(b) The entire charges recovered from the students are not exempted from GST under Sr. No. 14 of the CGST (Rate) Notification No. 12/2017 dated 28.06.2017.

(c) As various services provided by the applicant constitute a Mixed Supply, the rate of GST on whole supply will be the rate of supply which attracts highest rate of GST. As the highest rate amongst services provided is 18%, accordingly, rate of GST on whole supply will be 18% (SGST 9% + CGST 9%).

6.3. The appellant is not satisfied with the above Ruling and has therefore filed the present appeal before this forum. The appellant has stressed that the supply of Hostel Accommodation service is their principal service and the other services like supply of food, TV in dining hall, Playroom, Gym, Housekeeping of entire hostel premises, Room cleaning and Washing/ drycleaning of bed sheets & linen of rooms are ancillary services, naturally bundled with the principal service of Accommodation service. Accordingly, the appellant has requested to set aside/ modify the impugned Advance Ruling passed by the Rajasthan Authority of Advance Ruling and declare the impugned package a composite supply wherein Hostel Accommodation is principal supply and food and other facilities are only incidental to it.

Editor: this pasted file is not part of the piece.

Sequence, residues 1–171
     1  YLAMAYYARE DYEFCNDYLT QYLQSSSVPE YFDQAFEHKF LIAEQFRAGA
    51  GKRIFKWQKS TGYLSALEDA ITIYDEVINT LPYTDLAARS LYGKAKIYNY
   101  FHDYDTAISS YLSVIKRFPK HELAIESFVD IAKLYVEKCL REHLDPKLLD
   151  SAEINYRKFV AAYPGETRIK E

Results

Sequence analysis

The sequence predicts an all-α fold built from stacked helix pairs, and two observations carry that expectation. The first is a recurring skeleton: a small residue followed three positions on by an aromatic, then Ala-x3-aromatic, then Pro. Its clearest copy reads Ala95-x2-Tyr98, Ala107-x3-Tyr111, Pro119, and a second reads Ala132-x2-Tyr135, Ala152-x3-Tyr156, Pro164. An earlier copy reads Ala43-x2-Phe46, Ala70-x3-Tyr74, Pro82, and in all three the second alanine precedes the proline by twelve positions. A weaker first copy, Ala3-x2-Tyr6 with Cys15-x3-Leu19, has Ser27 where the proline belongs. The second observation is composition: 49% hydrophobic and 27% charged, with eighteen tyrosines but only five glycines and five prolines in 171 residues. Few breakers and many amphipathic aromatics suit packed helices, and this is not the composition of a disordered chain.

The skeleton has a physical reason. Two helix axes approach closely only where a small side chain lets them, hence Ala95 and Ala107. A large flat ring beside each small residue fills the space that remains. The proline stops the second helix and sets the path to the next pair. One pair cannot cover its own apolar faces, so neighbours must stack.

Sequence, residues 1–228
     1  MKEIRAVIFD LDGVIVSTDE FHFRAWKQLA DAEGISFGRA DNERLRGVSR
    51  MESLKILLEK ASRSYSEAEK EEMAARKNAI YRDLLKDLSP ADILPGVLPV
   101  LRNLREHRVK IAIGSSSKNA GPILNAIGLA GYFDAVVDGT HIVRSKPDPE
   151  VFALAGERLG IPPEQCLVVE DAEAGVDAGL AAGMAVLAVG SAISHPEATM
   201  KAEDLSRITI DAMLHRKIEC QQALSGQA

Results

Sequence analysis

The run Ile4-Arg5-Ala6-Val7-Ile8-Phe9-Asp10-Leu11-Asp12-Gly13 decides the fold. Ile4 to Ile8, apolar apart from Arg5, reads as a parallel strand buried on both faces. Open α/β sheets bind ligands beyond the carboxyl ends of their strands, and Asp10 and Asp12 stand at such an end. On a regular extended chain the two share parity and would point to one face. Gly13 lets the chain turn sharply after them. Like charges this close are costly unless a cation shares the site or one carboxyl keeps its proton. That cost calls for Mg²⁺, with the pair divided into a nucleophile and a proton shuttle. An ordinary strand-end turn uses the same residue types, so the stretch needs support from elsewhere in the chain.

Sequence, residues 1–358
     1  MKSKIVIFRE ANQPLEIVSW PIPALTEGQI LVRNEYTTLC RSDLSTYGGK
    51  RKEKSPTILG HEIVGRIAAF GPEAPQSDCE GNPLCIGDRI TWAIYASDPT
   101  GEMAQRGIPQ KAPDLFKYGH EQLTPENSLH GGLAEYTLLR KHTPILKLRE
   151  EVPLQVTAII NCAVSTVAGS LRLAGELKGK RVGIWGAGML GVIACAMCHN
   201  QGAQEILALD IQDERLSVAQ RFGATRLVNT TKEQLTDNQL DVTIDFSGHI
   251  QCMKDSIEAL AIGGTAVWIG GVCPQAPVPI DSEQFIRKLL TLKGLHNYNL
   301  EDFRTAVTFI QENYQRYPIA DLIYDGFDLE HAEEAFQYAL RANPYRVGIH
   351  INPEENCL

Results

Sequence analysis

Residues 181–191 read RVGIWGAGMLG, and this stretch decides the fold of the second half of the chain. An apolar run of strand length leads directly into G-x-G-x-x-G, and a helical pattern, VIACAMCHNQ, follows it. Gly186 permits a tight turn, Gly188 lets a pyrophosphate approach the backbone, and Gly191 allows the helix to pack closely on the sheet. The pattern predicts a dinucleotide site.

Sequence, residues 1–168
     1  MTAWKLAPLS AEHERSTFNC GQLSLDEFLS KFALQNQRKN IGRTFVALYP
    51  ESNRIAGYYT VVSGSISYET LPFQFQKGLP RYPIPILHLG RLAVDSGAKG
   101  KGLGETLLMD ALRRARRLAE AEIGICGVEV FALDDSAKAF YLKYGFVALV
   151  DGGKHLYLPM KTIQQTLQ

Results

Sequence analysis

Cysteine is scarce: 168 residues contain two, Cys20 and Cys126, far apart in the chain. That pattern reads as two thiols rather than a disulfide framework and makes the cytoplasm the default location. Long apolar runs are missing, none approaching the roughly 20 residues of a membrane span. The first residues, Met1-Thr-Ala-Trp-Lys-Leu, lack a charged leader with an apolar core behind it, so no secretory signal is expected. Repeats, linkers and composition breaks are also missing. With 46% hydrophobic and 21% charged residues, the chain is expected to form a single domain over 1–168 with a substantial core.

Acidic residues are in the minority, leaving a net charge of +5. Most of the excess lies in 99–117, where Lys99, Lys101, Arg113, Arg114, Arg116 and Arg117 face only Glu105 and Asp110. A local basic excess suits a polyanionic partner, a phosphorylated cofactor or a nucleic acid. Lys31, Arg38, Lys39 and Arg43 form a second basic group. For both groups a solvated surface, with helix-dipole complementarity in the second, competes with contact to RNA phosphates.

“6.4.1 Before examining the contention of the appellant it is imperative to go through the relevant provision of the CGST Act which defines the term Composite supply and Mixed supply. ‘ We find that as per section 2(30) of CGST Act, 2017 “composite supply means a supply made by a taxable person to a recipient consisting of two or more taxable supplies of goods or services or both, or any combination thereof, which are naturally bundled and supplied in conjunction with each other in the ordinary course of business, one of which is a principal supply;

Illustration.- Where goods are packed and transported with insurance, the supply of goods, packing materials, transport and insurance is a composite supply and supply of goods is a principal supply;